3 min read

Statistical independence is weird to think about

Random variables are one of the basic concepts of statistical theory. They're everywhere. You can't escape them. They're the core of how we think about "sampling."

A common assumption is that we have a sequence or family of independent and identically distributed random variables. I'm mostly going to focus on independence in this post. If you have random variables \(X\) and \(Y\), they are defined to be independent if, roughly speaking, knowing the value of \(X\) doesn't tell you anything about the value of \(Y\).

In theory this is all fine. In practice this gets sort of confusing. Say you run a survey on college student Internet use habits, and offer responents a fixed 0.1% chance to win a $20 Amazon gift card, limit 1000 respondents. You send out your survey and hope for the best.

As part of this process, students take your survey and act on it. Jane Smith takes your survey, then gets her good friends Bob Jones and Amanda Blanda to take the survey, too. Even if you as the surveyor don't know this has happened, this scenario seems likely.

In practice, how likely a scenario is this? Not very. I'd instead expect the surveyors to award one gift card at random to one of the respondents, which gives respondents a selfish economic incentive not to bring in many more people. I think that's the more common scenario. In practice that probably pushes enough against the financial incentive.

For a slightly more realistic scenario, say you are a natural language processing researcher. You collect a dataset in two phases. First, you ask 100 Mechanical Turk workers to write natural language open-ended questions on common sense topics. They produce a bunch of questions for you. You and your colleagues annotate the questions for "quality" (is it in English? grammatical English? is it on topic? is it a multiple-choice question? is open-ended?) and pick the 20 workers who produced the best questions on average. In the second phase, you then ask each of the 20 chosen workers to write you 50 more questions, for a total of 1,000. You then finetune or prompt some deep neural models, say BOBERTix and GPT-2000, on 500 of these questions (the train set) and calculate each model's accuracy on the remaining 500 (the test set).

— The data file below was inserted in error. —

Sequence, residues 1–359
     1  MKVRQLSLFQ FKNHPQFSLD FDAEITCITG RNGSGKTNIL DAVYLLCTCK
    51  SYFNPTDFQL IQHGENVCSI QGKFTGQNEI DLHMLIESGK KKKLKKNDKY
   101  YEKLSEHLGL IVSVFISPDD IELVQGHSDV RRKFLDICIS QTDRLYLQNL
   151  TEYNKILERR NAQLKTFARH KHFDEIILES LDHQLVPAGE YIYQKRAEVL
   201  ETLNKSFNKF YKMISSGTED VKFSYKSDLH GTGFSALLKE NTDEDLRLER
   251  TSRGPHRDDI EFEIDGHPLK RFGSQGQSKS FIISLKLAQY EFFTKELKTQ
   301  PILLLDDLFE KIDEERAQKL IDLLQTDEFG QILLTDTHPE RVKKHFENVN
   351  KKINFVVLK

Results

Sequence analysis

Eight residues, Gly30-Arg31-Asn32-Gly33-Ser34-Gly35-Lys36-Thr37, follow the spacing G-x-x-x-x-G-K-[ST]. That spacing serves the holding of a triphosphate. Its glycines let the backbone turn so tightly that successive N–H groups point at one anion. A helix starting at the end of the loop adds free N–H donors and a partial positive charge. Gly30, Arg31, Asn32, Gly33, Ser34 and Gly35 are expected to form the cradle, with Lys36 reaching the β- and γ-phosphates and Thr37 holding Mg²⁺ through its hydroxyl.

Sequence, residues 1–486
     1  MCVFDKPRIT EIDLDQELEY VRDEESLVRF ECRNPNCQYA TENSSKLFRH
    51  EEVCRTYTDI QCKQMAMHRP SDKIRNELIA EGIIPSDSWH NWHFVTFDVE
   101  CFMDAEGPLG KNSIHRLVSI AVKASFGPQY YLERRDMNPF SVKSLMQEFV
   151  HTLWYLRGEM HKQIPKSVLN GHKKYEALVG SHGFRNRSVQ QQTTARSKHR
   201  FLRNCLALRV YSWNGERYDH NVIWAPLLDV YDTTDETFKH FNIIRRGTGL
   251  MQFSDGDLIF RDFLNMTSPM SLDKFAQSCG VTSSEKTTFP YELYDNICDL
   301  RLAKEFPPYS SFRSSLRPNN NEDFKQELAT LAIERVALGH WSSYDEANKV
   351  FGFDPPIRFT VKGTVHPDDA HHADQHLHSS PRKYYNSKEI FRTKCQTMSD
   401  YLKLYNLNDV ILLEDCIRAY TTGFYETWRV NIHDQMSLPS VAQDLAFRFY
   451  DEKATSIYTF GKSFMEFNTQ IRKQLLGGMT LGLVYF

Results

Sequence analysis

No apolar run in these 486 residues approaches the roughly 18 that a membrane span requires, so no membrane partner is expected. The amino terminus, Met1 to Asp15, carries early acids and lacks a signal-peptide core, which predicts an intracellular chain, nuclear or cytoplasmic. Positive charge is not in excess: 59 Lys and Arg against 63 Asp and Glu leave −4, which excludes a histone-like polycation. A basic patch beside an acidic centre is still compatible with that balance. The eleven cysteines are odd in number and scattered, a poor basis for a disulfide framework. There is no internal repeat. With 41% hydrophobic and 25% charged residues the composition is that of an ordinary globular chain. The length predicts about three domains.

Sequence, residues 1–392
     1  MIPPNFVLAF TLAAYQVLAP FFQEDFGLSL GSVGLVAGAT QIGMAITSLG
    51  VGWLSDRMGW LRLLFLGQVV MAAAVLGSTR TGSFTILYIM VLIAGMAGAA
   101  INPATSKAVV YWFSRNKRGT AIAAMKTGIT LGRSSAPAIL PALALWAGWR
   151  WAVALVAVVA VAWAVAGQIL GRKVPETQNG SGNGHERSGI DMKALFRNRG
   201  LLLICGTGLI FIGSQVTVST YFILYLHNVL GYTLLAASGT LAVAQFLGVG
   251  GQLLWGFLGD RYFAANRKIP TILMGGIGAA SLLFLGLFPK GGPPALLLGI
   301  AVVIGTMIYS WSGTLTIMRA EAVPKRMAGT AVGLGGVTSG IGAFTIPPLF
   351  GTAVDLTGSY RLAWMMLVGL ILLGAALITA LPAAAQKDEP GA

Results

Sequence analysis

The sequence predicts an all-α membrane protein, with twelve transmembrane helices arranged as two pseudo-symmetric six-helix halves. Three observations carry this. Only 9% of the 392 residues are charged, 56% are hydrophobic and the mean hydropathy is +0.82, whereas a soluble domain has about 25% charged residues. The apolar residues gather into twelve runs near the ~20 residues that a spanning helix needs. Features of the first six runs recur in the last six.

This accuracy number is a statistic; in fact, we can think of it as a mean. For each question, assign it the number 1 if the BOBERTix answered it correctly and 0 otherwise. The accuracy is just the mean of those numbers.

We can think of this setup statistically in terms of random variables. You have 500 random variables. Are these variables independent? It seems like in a sense they shouldn't be, because we know some of them are written by the same person. For any given question, there are (across both sets) 49 more by the same person. On the other hand, suppose we put the 1,000 questions in random order and take the last 500 to be our test set. Given that we have an equal number from each worker, it seems that we should be able to treat them as "random enough" in some sense.

Of course, if we are interested in generalizing across authors, we probably need to adjust for sample size somehow. Our sample is 1,000 questions, and the number should probably help in some sense, but the small number of authors means we probably want to treat it more like a sample of 20 for the purposes of across-author generalization.

I suspect you get other vaguely unsettling scenarios for independence any time you collect data in some "clustery" way. Experimental design probably helps.

I think this goes back to the idea that statistics is about counterfactuals. Counterfactuals are weird to think about. Statistical ones are no less. And statistical theory is purely about counterfactuals. If I recall correctly I first heard this not in my statistics class or textbooks or amateur reading, but in a "philosophy of statistics/science" sort of book, Deborah Mayo's Statistical Inference as Severe Testing. Essentially, the problem is that statistical theory is about what might have happened, rather than what did happen. Here, might is defined in a purely mathematical sense and carries certain assumptions.

Those assumptions can be wrong. But how, and when? And what happens when they are?

There is the trivial scenario of "you included a datapoint/datapoints twice when calculating the statistic." This is mostly what I've found when I searched for answers online. It is true this breaks independence, and it is definitely something to avoid, but it is a boring kind of mistake. Are there more interesting mistakes to make around independence?